Solve the mystery before Jeff! The Prologue contains the key clues.

By Luke Hauser – copyright 2017 GroundWork – visit

We begin with a body.

A corpse, one might be tempted to say, given the ashen complexion and inanimate contortions of the limbs.

However, such an assertion would go beyond strictly empirical evidence into the realm of conjecture.

True, all signs pointed to the body being a corpse, and pragmatic semiotics might find such a reading inescapable.

But perhaps this interpretation is circular, with the conclusion implicit in the premises – a dilemma all too common in the Western tradition.

Such conundrums and problematics make up the subject matter of our tale, in which our intrepid detective undertakes not only to bring a desperate manuscript thief to justice, but along the way to unravel a few of the mysteries of Western philosophy.

* * *

To call the body a corpse carries more than a hint of murder. And murder implies a murderer, a logical inference the authorities were doing their best to deny.

Campus police declared the case a tragic accident: a matter of a large and poorly-shelved book succumbing to the iron law of gravitational attraction at a most inopportune moment.

The instrument of death?

The Cambridge Compleat Dictionary of Philosophy (Unabridged). The mighty compendium of knowledge had left its all-too-obvious imprint on the fallen professor’s skull.

The victim?

The leading light of Western philosophy – Phineas Q. Testascrittore, Regius Professor of Recombinative Sartrics, who was about to leave his office to deliver the orientation lecture at the West Central Indiana Institute for the Hermeneutical Phenomenology of Interdisciplinary Post-Relativism.

Only grudgingly did the august professor fulfill the onerous annual obligation. The necessity of interacting with students was a burden on his brilliant mind, a distraction from his true calling: to provide an airtight proof of his own existence.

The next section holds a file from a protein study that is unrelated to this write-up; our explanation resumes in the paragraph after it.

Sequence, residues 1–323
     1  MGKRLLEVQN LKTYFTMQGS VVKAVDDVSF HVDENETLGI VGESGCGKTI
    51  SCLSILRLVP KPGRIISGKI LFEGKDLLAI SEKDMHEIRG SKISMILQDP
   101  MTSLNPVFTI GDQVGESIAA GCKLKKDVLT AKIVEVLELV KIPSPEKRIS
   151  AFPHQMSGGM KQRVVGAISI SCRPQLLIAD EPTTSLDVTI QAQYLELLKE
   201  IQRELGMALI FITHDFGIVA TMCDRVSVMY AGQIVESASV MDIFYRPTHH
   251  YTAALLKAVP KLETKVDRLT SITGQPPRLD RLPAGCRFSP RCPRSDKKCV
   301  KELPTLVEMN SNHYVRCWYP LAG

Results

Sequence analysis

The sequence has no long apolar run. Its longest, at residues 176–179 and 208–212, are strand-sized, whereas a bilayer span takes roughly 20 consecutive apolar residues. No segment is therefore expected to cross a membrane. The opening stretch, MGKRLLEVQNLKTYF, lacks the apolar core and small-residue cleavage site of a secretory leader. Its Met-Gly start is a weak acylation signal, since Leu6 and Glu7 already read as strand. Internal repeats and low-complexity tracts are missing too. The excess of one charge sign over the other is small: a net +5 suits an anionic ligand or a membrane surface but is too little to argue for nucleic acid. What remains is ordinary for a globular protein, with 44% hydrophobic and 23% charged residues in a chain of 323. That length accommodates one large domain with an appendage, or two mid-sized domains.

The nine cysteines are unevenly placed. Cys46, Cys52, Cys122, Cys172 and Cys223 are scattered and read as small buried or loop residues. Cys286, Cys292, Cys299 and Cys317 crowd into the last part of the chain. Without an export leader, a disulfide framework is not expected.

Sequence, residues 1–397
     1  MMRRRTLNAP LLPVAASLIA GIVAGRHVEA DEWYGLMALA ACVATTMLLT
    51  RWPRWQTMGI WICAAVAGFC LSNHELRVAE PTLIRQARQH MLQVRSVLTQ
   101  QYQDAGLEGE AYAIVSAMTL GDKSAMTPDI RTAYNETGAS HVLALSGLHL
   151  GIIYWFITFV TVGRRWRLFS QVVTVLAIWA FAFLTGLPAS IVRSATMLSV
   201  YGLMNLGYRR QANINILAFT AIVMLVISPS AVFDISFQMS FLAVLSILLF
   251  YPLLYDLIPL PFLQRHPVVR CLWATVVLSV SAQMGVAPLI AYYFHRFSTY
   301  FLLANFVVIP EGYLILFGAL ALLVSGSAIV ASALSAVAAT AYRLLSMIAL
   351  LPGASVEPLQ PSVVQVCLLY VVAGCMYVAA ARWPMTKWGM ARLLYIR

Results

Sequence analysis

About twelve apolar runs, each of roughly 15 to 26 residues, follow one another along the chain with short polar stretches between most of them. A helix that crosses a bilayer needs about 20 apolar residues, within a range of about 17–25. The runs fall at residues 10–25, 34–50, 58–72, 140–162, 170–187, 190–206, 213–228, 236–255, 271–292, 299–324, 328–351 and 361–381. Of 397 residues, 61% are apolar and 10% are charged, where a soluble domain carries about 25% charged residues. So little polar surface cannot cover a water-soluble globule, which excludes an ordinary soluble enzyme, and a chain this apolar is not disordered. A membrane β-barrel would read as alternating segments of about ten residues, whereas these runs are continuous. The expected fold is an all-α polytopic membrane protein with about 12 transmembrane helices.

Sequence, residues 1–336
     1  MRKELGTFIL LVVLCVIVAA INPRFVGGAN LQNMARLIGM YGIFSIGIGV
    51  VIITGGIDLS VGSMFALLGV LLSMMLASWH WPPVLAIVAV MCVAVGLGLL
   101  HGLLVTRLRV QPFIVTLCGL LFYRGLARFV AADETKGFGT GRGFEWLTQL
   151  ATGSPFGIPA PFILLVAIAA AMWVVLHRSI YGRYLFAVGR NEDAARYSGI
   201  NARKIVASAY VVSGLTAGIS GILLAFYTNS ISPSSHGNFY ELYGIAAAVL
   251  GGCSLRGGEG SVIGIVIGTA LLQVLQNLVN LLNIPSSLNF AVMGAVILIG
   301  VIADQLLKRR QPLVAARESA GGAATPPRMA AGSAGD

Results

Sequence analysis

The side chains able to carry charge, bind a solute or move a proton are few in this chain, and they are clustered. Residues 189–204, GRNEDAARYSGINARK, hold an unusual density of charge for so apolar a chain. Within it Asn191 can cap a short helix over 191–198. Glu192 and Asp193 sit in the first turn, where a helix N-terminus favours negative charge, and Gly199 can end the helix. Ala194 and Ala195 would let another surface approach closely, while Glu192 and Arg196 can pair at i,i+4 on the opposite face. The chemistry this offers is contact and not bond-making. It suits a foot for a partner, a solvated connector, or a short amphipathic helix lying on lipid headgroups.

* * *

The task of proving one’s existence stood as the Holy Grail of Western philosophy, an historically-inflected riposte to the debilitating nihilism of the Postmodern era.

Mr. Testascrittore was known to be on the verge of supplying the long-sought proof, which would crown his magnum opus: The Being of Nothingness and the Nothingness of Being (Part II).

He had been reviewing his most recent formulations, poring over a handwritten manuscript (Mr. Testascrittore being notorious for his refusal to use a typewriter, let alone a computer) in which he had sketched the latest draft of the proof of his own existence.

He had just tucked away the manuscript for safe-keeping when a familiar visitor entered the office.

Without a word the guest lifted the massive philosophical dictionary from the bookshelf and walked over behind Mr. Testascrittore.

* * *

How many times in history has a brilliant discovery, an epoch-making deduction, or an incredibly fortuitous hunch been snuffed by the cold hand of icy-fingered death?

Too late Mr. Testascrittore realized his visitor’s maleficent intent. As the full weight of Cambridgian scholarship slammed into his skull, the doyen of contemporary Sartrics was overwhelmed by the ultimate existential irony – that he had succeeded in proving his own existence at the very moment that he ceased to exist.

Darkness curling around his consciousness, he summoned his last reserve of strength. Dimly he recalled a popular novel read in some distant airport where the victim contorted his expiring body to leave a string of clues.

Professor Testascrittore staggered to his desk and grabbed a copy of Jean-Paul Sartre’s Being and Nothingness in his right hand. As blood dripped from his head onto the book, he flung out his left hand toward a classical marble bust.

Facing the largest bookcase, Mr. Testascrittore made a final heroic effort to tuck his right foot behind his left knee.

Then he leaned back and with a deep groan crashed lifeless to the floor.

And now – on with the novel!

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